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cap, captain miss america
teaberryblue
Hey, anybody who reads a lot of non-LJ blogs (and who reads them off-LJ and not by RSS on their friends' list), can you recommend some of the following:

--Best or most unique layouts
--Best, most useful, or most unique widgets
--Best integration of photos, sound, or video in a non-photoblog or non-videoblog

Thanks!


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The only non-LJ blogs I remember to read on a regular basis are Cute Overload and <a href="http://totallybasmatic.blogspot.com/>my sister's Bollywood blog...</a>. If you refresh the latter, the banner changed every time! But other than that, it's really more about the content than the layout.

Even though I have the rss feed on my journal, I also visit www.habeasbrulee.com at it's address, too, sometimes. It's the food blog of one of my friends, and I think that the layout is gorgeous.

Sometimes I like to poke around some of the other food blogs that she has listed in her side links.

That's mostly it, though.

I am a big Johann Hari fan. It's simple, but really easy to navigate, and I really like that it doesn't have bells and whistles http://www.johannhari.com/index.php

Then theres my favorite, Andrew Sullivan. He integrates photos and videos amazingly to showcase his points, and I really like his layout too. http://time.blogs.com/daily_dish/

Finally, Chris Sim's Invincible Super Blog does heavy image uploads well, but his tool bar on the side is really confusing. http://the-isb.blogspot.com/


Is Sullivan's blog worth reading? I just finished a book of his for class recently. Interesting points but weak argument, which happens a lot.

Yeah, I like him on most points. And if you read the Conservative Soul, you should probably read his blog because he's really, really fond of putting up what reviewers had to say and then refuting them.
I always really liked his columns in TIME. And on top of that, he's just a really interesting person. An HIV positive, strong Catholic guy who loves beagles and South Park.

I read Virtually Normal, where he splits up the debate over gay rights into four different sects. While I thought he definitely gave me many new ideas to consider (I'm writing a paper using lots of his ideas right now), he used way too many universal statements and his categorization bothered me a bit.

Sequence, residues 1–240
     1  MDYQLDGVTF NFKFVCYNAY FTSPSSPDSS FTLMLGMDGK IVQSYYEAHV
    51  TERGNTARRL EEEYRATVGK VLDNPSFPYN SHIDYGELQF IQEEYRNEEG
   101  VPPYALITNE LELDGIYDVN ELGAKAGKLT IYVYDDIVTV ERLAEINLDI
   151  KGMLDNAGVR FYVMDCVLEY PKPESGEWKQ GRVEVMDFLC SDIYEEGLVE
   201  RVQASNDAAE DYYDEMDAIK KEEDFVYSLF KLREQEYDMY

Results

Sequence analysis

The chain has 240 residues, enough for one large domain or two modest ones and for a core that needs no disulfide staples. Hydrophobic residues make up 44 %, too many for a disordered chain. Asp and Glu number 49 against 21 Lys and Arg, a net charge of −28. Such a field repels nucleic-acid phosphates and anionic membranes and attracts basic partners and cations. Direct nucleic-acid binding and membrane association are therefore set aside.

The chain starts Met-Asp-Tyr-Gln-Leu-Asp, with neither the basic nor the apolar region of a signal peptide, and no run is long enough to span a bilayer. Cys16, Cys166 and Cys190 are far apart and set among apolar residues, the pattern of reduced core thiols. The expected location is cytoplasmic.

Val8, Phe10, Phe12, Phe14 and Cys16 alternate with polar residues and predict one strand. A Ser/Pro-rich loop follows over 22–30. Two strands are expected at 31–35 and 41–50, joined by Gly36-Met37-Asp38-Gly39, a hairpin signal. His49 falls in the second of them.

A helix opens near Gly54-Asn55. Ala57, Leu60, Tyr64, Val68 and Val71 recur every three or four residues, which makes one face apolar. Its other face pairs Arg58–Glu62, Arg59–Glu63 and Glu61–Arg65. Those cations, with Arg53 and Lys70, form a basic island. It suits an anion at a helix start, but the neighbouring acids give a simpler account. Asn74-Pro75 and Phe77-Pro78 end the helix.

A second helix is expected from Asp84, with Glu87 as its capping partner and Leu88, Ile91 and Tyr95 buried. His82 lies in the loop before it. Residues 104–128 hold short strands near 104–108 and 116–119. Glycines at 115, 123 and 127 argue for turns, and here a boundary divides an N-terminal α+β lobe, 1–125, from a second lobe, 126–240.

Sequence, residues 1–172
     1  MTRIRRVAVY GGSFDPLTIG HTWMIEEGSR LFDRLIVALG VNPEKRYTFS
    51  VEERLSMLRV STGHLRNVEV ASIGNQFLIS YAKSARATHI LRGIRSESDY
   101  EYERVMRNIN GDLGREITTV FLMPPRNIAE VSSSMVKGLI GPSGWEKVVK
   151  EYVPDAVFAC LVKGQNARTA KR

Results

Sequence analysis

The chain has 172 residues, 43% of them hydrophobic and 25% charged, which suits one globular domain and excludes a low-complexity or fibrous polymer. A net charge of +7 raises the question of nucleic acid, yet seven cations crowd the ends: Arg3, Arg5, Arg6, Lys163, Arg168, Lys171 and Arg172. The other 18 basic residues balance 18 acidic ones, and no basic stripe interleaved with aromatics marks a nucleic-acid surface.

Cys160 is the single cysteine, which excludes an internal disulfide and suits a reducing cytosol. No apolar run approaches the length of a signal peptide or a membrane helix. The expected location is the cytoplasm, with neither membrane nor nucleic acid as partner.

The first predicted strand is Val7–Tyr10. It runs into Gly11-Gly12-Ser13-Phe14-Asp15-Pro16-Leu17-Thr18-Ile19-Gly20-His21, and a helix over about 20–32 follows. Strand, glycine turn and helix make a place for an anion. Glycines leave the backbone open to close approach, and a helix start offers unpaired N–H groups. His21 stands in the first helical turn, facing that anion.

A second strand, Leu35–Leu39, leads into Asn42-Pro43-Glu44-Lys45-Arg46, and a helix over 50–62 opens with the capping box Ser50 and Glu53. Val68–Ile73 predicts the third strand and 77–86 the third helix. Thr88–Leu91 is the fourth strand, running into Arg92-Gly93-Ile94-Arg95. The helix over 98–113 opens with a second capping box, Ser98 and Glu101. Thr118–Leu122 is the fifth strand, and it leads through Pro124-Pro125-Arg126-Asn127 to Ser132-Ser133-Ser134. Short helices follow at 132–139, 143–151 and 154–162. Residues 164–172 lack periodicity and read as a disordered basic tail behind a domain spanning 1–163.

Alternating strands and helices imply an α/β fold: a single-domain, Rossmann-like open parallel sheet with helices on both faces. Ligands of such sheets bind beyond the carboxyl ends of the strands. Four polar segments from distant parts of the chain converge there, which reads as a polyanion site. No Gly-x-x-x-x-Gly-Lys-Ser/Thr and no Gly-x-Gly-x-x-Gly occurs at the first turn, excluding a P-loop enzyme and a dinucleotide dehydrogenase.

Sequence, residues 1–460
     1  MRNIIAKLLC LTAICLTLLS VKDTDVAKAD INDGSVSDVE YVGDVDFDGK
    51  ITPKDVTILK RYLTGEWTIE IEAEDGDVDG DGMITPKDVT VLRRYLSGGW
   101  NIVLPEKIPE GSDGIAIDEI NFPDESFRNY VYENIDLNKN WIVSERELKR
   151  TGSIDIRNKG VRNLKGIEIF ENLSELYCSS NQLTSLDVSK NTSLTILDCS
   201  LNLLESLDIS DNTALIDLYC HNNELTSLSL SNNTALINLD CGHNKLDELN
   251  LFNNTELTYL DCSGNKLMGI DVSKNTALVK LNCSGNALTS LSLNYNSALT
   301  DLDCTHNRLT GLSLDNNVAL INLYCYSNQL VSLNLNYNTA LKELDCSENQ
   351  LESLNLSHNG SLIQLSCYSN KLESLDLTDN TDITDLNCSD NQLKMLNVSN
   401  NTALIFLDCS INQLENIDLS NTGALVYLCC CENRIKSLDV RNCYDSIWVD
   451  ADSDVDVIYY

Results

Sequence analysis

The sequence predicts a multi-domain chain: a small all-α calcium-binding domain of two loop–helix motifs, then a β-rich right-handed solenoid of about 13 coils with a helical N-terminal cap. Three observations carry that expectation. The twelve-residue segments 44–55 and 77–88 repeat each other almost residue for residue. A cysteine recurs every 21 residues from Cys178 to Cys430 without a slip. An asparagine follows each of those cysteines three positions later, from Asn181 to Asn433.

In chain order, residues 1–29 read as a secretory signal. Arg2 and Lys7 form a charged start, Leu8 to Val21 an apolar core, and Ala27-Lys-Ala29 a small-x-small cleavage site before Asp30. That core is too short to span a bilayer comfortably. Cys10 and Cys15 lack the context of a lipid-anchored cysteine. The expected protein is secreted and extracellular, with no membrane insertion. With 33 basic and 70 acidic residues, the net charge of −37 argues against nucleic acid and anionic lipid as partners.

Also, he relies way too much on "well I'm a homosexual, so I know" as authority. I'm sorry, but just because I'm straight, it doesn't mean my experiences are typical or that I can use them as evidence for any issues I support.

I haven't read any of his books, but when he draws from personal experience in his blog, it's just that. So when he talks about trying to wrangle being Catholic and also being gay, he relates it, but I don't think he ever verges into "I am gay and awesome and therefore know everything about reconciling faith and sexuality." He might be different in book form for all I know.

I think he's good because he goes places that a lot of bloggers don't. That's why I like Johann Hari too, who is awesome as well as shedding light on stuff that a lot of other journalists just aren't talking about. Both can sometimes be preachy, but I don't think there's a perfect commentator out there.

Erm, well, last.fm is great. They have blog options, plenty of widget-type things, all of which are clean and easy. The blog is nice -- you can easily tag artists and songs so that they'll show up on a sidebar and you can link to their artist page as well as other people who've blogged about them. The preferences are actually useful, too, like changing all photos to text. It's a pretty well-done site for any avid music listener.

most of the concept designers that I know use Blogger because it's easy to add pictures with instant thumbnails and navigate. In fact some of them have used it to make their portfolio sites.

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